Posts Tagged ‘French’

By Shua Garfield
In the months preceding the March 2003 US-British-Australian invasion of Iraq, the French government’s opposition received a great deal of publicity. This led to illusions among some anti-war activists that the French rulers represented a progressive alternative to the “Anglo-Saxon” imperialists. (more…)

By: Ndahiro Tom January 2002

One of the many foreign journalists who were in Rwanda during the 1994 genocide concluded that there were no more devils in hell because they were all in Rwanda. (more…)

Interview with S. Courtoux in La Libre (…) with Gérald Papy, 7 August 2008

Verbatim translation from La Libre Belgique

For Sharon Courtoux of the association Survie, France cannot escape its responsibilities any more. She insists on the seriousness of the Mucyo report published in Kigali. (more…)

Billets d’Afrique N° 172, September 9, 2008

Beyond simplistic political interpretations or a so-called orchestration of complicity, the contents of the Rwandan report on French implication in the genocide of 1994 require France to open a broad national debate. (more…)

By Howard W. French, New York Times, 19 February 1997

ABIDJAN, Ivory Coast — The Zairian government has stepped up a campaign to arm Hutu guerrillas living among the largest population of Rwandan refugees still in Zaire, effectively making human shields of tens of thousands of refugees, according to diplomats and international relief workers. (more…)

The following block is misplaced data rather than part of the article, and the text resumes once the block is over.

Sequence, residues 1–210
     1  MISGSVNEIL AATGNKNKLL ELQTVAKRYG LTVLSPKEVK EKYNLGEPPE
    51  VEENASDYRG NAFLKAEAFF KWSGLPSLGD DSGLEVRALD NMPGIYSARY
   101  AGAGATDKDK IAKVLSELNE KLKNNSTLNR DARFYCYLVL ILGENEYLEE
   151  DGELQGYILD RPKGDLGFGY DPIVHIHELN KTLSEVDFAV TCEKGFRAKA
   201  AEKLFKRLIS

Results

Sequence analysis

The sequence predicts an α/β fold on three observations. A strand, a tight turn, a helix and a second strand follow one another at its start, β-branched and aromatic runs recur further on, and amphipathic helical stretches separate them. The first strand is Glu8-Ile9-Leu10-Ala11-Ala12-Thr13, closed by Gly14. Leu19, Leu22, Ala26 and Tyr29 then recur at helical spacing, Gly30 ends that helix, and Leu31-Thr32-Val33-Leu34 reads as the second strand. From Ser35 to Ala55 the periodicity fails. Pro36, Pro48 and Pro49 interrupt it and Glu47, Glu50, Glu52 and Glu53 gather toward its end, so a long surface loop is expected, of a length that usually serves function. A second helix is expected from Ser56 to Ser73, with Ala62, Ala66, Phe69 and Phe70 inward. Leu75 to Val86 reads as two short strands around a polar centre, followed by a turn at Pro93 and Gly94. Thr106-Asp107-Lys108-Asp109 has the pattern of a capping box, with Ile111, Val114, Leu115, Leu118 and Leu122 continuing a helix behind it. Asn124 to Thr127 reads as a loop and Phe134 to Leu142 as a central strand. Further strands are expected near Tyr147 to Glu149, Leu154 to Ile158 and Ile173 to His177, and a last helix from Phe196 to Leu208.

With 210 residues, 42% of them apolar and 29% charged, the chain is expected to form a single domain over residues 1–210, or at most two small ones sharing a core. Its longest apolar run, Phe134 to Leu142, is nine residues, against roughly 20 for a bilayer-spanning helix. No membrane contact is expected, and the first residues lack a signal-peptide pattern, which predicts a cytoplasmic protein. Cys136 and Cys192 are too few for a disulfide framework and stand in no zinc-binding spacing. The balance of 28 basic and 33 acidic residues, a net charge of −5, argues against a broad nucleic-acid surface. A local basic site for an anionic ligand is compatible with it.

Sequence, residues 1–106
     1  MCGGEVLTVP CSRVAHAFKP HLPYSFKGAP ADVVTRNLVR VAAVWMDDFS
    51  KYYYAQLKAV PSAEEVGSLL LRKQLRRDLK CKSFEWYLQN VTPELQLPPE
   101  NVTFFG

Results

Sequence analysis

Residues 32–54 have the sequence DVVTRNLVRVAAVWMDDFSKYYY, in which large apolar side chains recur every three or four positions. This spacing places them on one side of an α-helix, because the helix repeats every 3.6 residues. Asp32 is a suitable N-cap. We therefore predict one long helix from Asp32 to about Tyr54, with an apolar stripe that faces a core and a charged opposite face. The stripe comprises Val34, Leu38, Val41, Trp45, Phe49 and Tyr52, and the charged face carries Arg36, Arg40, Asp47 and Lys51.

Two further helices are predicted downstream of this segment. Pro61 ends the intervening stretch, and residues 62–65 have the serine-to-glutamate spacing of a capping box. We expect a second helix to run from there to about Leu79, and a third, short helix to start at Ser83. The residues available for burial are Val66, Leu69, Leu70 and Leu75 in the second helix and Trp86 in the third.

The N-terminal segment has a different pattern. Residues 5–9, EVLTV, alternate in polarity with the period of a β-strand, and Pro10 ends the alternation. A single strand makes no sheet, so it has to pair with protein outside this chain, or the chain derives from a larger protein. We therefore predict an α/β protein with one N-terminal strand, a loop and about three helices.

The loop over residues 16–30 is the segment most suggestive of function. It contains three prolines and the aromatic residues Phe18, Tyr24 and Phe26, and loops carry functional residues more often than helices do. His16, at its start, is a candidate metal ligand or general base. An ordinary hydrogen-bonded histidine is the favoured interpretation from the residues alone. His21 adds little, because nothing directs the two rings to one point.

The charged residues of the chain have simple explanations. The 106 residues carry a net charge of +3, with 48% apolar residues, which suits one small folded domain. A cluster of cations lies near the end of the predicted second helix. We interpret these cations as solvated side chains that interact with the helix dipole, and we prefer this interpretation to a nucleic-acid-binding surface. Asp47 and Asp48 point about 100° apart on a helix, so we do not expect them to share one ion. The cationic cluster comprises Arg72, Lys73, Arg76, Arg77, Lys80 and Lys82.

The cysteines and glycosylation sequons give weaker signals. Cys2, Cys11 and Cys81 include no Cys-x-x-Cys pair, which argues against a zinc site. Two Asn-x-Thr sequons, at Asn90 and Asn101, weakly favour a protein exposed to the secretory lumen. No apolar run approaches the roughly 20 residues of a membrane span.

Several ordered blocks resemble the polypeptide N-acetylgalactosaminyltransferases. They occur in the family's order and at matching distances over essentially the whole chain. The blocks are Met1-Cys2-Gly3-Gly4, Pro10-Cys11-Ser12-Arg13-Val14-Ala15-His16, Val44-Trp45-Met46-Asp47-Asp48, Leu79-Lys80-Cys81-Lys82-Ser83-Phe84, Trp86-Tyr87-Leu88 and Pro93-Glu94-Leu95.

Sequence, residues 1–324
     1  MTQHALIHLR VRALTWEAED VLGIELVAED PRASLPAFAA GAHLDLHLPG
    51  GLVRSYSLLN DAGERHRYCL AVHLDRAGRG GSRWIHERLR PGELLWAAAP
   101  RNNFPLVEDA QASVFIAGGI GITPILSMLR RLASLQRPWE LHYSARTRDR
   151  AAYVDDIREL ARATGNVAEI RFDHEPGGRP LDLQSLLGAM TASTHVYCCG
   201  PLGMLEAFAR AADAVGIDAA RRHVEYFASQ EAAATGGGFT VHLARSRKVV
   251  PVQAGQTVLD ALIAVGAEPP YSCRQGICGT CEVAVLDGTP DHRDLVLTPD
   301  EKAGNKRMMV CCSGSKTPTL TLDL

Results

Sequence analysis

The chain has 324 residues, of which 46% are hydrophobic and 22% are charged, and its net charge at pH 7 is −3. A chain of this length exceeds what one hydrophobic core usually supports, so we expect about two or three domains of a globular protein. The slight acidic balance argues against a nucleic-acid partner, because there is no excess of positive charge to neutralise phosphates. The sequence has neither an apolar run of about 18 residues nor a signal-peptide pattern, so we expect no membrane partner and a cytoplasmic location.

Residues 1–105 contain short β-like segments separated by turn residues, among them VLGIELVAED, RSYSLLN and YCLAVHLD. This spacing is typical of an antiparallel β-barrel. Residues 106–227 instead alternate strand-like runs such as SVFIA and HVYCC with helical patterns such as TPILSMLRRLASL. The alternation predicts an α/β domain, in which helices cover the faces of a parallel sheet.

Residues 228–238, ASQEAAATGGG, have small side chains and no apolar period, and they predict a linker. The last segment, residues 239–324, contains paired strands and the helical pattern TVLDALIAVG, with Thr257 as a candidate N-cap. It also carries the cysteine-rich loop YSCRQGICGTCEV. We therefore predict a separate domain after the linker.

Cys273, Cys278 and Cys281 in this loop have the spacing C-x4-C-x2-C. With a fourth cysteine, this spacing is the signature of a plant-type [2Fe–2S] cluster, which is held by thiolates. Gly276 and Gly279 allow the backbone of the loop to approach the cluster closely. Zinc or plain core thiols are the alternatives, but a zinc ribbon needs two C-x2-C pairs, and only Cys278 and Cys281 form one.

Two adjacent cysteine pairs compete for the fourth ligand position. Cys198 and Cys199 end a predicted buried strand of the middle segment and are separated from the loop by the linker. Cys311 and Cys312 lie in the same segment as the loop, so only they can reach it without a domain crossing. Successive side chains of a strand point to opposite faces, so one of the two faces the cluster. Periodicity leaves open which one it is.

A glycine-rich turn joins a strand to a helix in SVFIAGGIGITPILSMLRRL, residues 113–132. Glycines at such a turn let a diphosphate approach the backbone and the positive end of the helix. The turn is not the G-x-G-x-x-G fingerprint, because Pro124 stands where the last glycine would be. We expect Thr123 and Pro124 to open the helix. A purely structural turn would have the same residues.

By ANNE JOLIS-Bisesero, Rwanda

’I tell you as I saw it,”says Fidéle Simugomwa, a former Hutu-extremist militia chief during the Rwandan genocide, as he sits for an interview with French documentary-maker Serge Farnel. ”The French soldiers were standing on the hill, and firing down at the Tutsi. . . . We had a sign so the French didn’t shoot at us—[we had] leaves on. (more…)

By Tom Ndahiro

On April 8, 2004, as part of the 10th commemoration of the Tutsi genocide in Rwanda, the President of the International Crisis Group (ICG) Gareth Evans and Stephen Ellis, ICG’s Africa Program Director published an article with a title:  ‘The Rwandan Genocide: Memory Is Not Enough’[1] The article reminds: “Each time such an atrocity happens, we look back wondering, with varying degrees of incomprehension, horror, anger and shame, how we could have let it all happen. And then we let it happen all over again.” The two authors maintain that something more than memory is required if another cataclysmic genocide was not to happen, sooner or later somewhere in world. They recommend “effective action” and also reiterated “the need for vigilance is nowhere greater than in Africa, where a genocidal ideology is far from dead, particularly in Central Africa.” (more…)

By: Tom Ndahiro

Introduction

Between April and July 1994, the world tried to ignore the annihilation of Tutsi in Rwanda. Today, it is impossible for anyone to forget the genocide. In particular, for survivors – those I call “living victims” – the genocide is a daily reality: it stole their friends and relatives, their plans and aspirations, and continues to haunt them. Raphael Lemkin argued that genocide is coordinated plans to destroy the essential foundations of the life of a group so that it withers and dies like a plant that has suffered blight. Genocide is a crime against all of humankind; against all notions of human civilisation. But it is also a deeply personal crime committed against individuals who re-live the memories of the genocide like a vicious, recurring nightmare. Survivors remain victims of the perpetrators, many of whose ongoing preoccupation is to alter or erase the world’s memory of the genocide. (more…)